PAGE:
A chickadee is typically recognized more for its distinctive call rather than its appearance. Unlike other birds, like cardinals or hummingbirds, chickadees typically have neutral coloring, including white, grey, and tan. However, that’s exactly what makes them interesting and challenging subjects for watercolor paintings. To showcase the light and white hues of the bird, you first have to create the background around the outline of the chickadee, and then fill in its coloring and texture. 

If you’re not familiar with this watercolor technique, don’t worry—you can learn how to paint a watercolor chickadee step by step in the tutorial below. 

How to Paint a Watercolor Chickadee 

Creating this watercolor chickadee requires more than the basic supplies of watercolor paint, paper, and brushes. For this tutorial, you will also need a pencil, a pen with waterproof ink, and masking fluid. 

Step 1: Sketch and Ink an Outline of the Chickadee

sketching bird
To create the look of feathers, use short, slightly curved tickmarks around the edges of the sketch. 

Using a reference image, sketch the general shape of the chickadee. Focus on first getting the proportions right, as well as the placement of main features such as the beak and eye, and refine the sketch from there. 

Then, ink the sketch with a waterproof pen. However, don’t simply draw one solid, continuous outline. To create the texture of feathers, use short, slightly curved tick marks along the outline of the sketch. Once you are happy with the ink, use an eraser to remove any remaining pencil marks. 

Step 2: Create the Background Wash

Now, you need to paint the background without coloring the chickadee. If you’re careful, you can simply paint around the bird. Or, you can use a small brush to apply masking fluid to the entire chickadee. (Masking fluid dries quickly and can easily ruin your good brushes, so make sure to use an old brush!) 

bird sketch with watercolor background
The masking fluid covering the chickadee repels the background paint. 

Then, paint your background. With a clean, damp brush, coat the paper with water. Then, layer on bands of cobalt blue, burnt sienna, and pink. You’ll see that the masking fluid repels the paint, so the chickadee remains white. When the paper is 100% dry, remove the masking fluid with a clean eraser, your finger, or a rubber cement pickup. 

Step 3: Paint the Lightest Hues

watercolor bird
Use quick, short brush strokes to create the look of feathers. 

Mix cobalt blue and burnt sienna—and plenty of water—to produce a light grey. Pick up some of that color with a small brush and begin layering in quick, short strokes to mimic the look of feathers. Then, rinse your brush and use the clean, damp brush to blend and soften those lines. This is the lightest layer, and you don’t want too many hard edges yet. Repeat this process a few times, building up layers of color and texture.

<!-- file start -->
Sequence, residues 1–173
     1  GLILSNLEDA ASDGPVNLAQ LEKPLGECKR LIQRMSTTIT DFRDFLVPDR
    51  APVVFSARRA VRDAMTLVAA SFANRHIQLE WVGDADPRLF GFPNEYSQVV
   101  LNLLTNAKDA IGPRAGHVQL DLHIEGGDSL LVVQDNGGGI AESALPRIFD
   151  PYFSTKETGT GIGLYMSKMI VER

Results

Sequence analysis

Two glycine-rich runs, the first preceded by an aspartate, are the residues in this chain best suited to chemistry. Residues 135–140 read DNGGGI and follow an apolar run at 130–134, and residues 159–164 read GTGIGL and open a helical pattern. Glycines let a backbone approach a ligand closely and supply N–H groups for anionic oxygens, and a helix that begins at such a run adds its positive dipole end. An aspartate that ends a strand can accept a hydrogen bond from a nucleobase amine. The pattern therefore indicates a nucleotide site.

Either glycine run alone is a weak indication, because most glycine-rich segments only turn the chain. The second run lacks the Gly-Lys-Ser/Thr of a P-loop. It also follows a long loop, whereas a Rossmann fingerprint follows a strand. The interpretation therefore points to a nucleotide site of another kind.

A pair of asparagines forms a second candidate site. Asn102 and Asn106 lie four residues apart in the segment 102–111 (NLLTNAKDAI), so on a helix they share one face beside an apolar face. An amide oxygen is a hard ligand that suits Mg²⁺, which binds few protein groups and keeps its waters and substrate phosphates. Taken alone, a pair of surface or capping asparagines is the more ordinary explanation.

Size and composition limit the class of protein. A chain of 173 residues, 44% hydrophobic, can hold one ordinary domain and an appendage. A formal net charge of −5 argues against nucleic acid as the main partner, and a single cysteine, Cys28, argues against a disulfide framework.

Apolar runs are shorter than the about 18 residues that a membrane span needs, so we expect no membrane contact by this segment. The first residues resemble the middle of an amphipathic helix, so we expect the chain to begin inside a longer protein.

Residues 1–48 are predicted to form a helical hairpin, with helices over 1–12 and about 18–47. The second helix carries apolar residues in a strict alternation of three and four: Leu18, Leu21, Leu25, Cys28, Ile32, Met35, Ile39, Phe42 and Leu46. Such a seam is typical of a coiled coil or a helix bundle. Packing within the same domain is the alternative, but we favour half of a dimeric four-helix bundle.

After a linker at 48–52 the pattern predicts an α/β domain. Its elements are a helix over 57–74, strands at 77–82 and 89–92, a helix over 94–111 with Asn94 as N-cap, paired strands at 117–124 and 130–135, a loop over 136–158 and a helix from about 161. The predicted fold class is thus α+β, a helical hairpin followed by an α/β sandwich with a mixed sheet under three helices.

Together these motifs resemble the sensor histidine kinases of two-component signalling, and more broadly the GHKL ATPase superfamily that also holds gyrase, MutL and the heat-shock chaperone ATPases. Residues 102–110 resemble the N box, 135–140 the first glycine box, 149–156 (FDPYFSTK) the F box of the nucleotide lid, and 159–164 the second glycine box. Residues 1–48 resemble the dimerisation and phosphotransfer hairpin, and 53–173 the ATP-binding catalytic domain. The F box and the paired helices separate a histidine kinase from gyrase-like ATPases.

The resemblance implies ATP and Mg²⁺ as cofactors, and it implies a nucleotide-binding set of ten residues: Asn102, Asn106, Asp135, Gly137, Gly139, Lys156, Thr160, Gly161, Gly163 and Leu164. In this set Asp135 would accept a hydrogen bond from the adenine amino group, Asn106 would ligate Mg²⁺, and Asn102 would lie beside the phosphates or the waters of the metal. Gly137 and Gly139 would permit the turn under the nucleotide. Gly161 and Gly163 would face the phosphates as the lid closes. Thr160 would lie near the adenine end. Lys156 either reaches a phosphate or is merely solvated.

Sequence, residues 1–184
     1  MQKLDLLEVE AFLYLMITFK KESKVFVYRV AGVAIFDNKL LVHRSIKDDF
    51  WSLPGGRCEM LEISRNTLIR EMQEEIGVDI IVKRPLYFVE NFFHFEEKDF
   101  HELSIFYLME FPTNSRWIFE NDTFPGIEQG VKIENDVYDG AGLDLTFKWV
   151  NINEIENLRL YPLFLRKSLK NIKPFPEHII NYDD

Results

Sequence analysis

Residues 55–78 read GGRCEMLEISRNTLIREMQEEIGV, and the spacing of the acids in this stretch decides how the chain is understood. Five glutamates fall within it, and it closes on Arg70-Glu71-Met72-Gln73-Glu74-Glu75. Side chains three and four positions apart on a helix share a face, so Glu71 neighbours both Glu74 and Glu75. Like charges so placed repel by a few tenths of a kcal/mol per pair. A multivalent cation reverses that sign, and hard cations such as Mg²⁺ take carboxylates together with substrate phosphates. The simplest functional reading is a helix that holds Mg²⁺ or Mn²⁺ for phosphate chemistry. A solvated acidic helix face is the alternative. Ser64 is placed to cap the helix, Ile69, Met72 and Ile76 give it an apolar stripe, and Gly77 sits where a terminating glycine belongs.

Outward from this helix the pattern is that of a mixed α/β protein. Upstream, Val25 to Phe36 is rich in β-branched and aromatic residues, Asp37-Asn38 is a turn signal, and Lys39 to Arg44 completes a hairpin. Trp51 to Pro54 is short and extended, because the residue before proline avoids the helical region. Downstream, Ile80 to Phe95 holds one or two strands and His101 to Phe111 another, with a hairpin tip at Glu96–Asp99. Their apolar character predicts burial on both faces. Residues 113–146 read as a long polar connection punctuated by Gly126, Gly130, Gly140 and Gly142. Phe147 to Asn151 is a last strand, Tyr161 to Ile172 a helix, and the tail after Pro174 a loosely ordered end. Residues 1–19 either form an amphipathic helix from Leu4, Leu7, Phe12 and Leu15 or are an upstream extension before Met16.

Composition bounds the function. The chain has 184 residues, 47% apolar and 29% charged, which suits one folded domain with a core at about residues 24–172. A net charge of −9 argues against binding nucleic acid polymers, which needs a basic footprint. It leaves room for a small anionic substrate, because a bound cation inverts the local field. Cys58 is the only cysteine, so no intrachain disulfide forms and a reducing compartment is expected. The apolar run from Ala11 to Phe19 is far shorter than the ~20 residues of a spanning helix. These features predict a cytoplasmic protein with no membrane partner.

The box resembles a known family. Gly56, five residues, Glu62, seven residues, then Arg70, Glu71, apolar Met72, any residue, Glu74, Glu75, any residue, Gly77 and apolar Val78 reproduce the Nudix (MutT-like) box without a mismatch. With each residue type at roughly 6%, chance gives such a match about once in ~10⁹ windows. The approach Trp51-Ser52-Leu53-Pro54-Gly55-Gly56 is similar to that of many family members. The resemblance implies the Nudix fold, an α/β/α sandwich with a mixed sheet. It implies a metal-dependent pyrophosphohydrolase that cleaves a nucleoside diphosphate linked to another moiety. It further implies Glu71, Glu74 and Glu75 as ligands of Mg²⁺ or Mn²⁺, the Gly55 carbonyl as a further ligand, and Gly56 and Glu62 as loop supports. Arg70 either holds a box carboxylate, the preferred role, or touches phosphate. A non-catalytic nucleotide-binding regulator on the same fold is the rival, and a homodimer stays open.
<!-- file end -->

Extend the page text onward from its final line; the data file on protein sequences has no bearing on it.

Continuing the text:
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Step 4: Add the Dark Tones 

For the watercolor chickadee’s black cap, you won’t actually use black paint. Instead, use a mixture of Payne’s grey and burnt sienna to produce a near-black color. With a fine-tipped brush, use short, feathery strokes to fill in the cap area, leaving small white spaces between the lines—these will act as highlights. 

watercolor bird
Use light, feathery strokes to paint the chickadee’s dark grey cap. 

Finally, use the same dark grey color to add shadows to the chickadee’s body—along the nape of its neck and at the base of its tale, for example. Keep in mind that you may need to repeat this process a few times to adequately build up the dark tones. 

Step 5: Finalize the Eye, Feet, and Branch 

watercolor bird
Build layers of pigment in the chickadee’s beak and feet to create realistic features.  

You’ll also use your darkest paint for the chickadee’s eye, feet, and beak. When painting the eye, make sure to keep a small, white highlight in the middle—this is essential to make the eye look lifelike. 

For the bird’s feet, use a few layers of paint to create shadows and contrast. Adding in areas of darker pigment will give the feet a more realistic look.

To paint the branch, start with a wash of light grey. Then, pick up a darker grey with your brush and quickly dot the paint on the lower portion of the branch, creating a stippling effect. 

Let Your Creativity Take Flight

Ink and watercolor paints come together beautifully in this watercolor chickadee portrait. Plus, you’ll gain experience using masking fluid and building layers of pigment to create a realistic bird—lessons you can apply to any other watercolor bird or animal painting! 

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Written by:

Katie Wolf